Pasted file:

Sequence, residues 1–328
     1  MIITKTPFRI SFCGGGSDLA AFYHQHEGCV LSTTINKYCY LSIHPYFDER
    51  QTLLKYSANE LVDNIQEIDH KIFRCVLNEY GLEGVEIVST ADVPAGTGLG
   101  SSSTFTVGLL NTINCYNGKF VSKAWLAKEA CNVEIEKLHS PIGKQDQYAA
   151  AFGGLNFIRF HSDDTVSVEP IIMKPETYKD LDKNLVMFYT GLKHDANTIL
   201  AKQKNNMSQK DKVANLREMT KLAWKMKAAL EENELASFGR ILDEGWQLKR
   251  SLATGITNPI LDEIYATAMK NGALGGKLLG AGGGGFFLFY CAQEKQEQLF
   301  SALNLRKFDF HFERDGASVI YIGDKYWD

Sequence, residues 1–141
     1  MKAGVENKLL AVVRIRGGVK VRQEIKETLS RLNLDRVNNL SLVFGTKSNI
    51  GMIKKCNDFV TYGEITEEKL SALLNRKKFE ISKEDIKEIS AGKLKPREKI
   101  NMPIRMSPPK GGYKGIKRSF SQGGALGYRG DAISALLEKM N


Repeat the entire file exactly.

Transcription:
Sequence, residues 1–328
     1  MIITKTPFRI SFCGGGSDLA AFYHQHEGCV LSTTINKYCY LSIHPYFDER
    51  QTLLKYSANE LVDNIQEIDH KIFRCVLNEY GLEGVEIVST ADVPAGTGLG
   101  SSSTFTVGLL NTINCYNGKF VSKAWLAKEA CNVEIEKLHS PIGKQDQYAA
   151  AFGGLNFIRF HSDDTVSVEP IIMKPETYKD LDKNLVMFYT GLKHDANTIL
   201  AKQKNNMSQK DKVANLREMT KLAWKMKAAL EENELASFGR ILDEGWQLKR
   251  SLATGITNPI LDEIYATAMK NGALGGKLLG AGGGGFFLFY CAQEKQEQLF
   301  SALNLRKFDF HFERDGASVI YIGDKYWD

Sequence, residues 1–141
     1  MKAGVENKLL AVVRIRGGVK VRQEIKETLS RLNLDRVNNL SLVFGTKSNI
    51  GMIKKCNDFV TYGEITEEKL SALLNRKKFE ISKEDIKEIS AGKLKPREKI
   101  NMPIRMSPPK GGYKGIKRSF SQGGALGYRG DAISALLEKM N